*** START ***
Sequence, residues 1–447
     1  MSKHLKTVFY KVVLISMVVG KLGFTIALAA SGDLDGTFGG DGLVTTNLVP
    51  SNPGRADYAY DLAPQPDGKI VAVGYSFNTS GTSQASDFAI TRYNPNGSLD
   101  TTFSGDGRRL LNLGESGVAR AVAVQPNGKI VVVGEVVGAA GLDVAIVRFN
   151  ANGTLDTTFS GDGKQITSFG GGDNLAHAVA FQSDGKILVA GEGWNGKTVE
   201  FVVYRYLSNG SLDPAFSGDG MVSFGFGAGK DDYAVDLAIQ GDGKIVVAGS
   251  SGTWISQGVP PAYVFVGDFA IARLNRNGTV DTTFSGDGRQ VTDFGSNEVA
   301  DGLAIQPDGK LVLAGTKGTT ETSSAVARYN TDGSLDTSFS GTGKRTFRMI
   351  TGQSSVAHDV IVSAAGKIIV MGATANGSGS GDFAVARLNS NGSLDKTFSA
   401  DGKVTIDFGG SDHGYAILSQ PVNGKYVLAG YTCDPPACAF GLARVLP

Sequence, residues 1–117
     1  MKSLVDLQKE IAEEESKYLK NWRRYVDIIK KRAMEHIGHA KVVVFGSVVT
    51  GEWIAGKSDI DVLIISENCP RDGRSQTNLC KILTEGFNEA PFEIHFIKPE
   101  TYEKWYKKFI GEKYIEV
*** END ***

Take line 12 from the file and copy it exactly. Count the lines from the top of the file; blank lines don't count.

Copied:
     1  MKSLVDLQKE IAEEESKYLK NWRRYVDIIK KRAMEHIGHA KVVVFGSVVT